EarthBound is the second game in the Mother trilogy (in Japan it’s known as Mother 2). However, while all three games in the series are tied together, they also work perfectly as standalone titles and can be enjoyed to the fullest extent without knowledge of the others. This is rather fortunate because, very sadly, Mother and Mother 3 have only been made available in Japan (though fan translations do exist.)
The game is an RPG which follows the story of Ness (a character who is probably mainly only known through Super Smash Bros. and it’s sequels to players in the UK, since it only came out here in 2012!) who is just a regular child living in Eagleland (a fictionalised version of America). His adventure starts when a meteorite smashes down one night only a short distance away from his home in the small town of Onett. When he goes to investigate it, he receives a message from the future which warns him that an evil force called Giygas threatens all life on Earth unless he does something to stop it. He is given a ‘Sound Stone’ and needs to travel across the world to find eight mystical melodies to record on the stone which will help him to become powerful enough to vanquish Giygas.
Other than having a normal modern day setting (which is already a lovely twist), this might sound a bit like a generic RPG storyline, but this is absolutely not the case. This game is very unique and wonderfully weird. On his quest Ness will, amongst other things: get caught up in a religious cult, survive a zombie apocalypse, experience corrupt police brutality and even visit Stonehenge (which excites me, since in reality, it’s not too far from my home). Another big appeal of this game is its large cast of oddball characters; virtually every single person you meet will have something bizarre to say to you. My personal favourite encounter is with a doctor who restores your health simply by whispering “be healthy” into each of your ears, or perhaps it’s the monkey who says “I wanna become a pig” when you talk to it… There are countless examples.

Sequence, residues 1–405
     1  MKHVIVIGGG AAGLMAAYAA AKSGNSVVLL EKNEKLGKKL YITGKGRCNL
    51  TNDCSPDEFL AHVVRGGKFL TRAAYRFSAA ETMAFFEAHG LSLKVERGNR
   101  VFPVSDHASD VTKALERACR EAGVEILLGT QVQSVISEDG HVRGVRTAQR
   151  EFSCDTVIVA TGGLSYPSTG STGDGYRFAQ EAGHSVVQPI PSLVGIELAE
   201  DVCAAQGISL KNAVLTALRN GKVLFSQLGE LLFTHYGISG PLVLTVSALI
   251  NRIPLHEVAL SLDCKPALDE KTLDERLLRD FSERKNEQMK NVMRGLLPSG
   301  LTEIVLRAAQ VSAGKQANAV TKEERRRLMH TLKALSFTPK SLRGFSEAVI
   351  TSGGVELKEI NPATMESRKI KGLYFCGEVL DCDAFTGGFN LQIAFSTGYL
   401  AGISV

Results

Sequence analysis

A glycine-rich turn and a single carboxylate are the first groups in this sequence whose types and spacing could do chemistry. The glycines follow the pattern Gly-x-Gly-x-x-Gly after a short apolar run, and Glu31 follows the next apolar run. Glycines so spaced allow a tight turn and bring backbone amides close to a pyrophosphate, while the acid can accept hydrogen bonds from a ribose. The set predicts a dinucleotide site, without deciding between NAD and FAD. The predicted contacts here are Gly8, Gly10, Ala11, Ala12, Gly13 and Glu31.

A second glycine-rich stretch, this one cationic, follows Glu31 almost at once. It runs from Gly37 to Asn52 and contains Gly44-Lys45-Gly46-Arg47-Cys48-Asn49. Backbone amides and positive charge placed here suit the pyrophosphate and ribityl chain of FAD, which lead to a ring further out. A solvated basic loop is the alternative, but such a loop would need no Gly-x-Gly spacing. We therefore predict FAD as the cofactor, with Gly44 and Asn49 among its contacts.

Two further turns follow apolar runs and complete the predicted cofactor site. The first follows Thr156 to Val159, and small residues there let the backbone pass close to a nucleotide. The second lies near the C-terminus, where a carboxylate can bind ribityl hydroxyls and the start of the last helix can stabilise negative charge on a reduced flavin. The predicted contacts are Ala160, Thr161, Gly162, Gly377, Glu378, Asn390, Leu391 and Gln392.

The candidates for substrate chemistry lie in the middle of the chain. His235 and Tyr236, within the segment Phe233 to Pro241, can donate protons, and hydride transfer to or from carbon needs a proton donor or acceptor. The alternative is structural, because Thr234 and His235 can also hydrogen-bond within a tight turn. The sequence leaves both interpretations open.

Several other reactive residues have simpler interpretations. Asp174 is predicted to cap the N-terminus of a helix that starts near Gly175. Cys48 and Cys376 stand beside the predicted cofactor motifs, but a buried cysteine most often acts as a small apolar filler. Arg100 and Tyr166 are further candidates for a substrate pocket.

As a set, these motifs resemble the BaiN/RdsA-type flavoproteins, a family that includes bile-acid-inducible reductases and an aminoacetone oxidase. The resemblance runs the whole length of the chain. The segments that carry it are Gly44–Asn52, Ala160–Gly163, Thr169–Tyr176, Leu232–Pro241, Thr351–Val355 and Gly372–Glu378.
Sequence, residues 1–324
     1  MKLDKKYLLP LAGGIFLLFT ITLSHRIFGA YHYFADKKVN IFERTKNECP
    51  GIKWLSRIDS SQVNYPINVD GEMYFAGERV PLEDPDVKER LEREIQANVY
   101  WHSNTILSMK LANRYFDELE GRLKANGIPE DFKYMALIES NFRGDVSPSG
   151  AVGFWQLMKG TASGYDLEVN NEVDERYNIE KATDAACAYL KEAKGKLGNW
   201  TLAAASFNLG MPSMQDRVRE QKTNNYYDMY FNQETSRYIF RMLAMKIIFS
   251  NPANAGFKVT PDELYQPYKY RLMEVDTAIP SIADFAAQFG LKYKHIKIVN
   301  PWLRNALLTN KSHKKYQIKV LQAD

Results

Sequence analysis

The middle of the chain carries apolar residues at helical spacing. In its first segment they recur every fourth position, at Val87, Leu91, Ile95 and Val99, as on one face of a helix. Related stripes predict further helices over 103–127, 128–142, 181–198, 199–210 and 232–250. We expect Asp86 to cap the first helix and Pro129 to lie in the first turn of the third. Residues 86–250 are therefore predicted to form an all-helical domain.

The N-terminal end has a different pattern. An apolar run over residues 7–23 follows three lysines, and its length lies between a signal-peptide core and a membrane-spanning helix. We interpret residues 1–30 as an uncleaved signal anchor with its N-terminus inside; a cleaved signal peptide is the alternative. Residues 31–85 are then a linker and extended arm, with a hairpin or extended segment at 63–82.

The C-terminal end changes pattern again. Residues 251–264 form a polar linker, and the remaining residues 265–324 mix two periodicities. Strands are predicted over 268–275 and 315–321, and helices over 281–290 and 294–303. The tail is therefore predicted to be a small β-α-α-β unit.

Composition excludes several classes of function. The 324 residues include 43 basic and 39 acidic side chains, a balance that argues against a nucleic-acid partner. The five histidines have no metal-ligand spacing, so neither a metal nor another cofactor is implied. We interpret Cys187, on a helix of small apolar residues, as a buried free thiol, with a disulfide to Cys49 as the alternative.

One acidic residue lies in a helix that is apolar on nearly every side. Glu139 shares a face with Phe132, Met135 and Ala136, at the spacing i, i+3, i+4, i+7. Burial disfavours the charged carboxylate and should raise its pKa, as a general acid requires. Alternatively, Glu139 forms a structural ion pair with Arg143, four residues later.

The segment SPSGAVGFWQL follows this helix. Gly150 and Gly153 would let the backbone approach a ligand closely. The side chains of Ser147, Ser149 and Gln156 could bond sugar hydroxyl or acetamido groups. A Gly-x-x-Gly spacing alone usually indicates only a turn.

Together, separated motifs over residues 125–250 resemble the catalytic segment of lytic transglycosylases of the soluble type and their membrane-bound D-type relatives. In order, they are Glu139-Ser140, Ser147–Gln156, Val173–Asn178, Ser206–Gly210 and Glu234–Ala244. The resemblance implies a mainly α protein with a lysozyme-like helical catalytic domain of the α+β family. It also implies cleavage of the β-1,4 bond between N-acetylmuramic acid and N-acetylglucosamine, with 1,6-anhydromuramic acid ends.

However, while the game can be very humorous at times, it also has the capacity to deal with very dark subjects and is even quite creepy at times. In fact, I would go so far as to say that one of the moments in this game is one of the creepiest things I’ve ever experienced in a game! I wish I could go into details, but I don’t want to spoil anything; a lot of these things work just because of how unexpected they are. I should also add that the soundtrack always perfectly complements the tone of what is happening; you have fun and jolly songs and also very creepy and eerie pieces, all of them a pleasure to listen to.
I only have two small criticisms; the first is that it never feels like you have enough storage space for your items, which occasionally got frustrating. The second is that the game’s battle system can feel a little slow sometimes, which is mainly only a problem with small enemies, but still, it could have been faster. Otherwise, I am very happy with this game and will always consider it a favourite.
(Don’t miss today’s Finger Puppet Show!)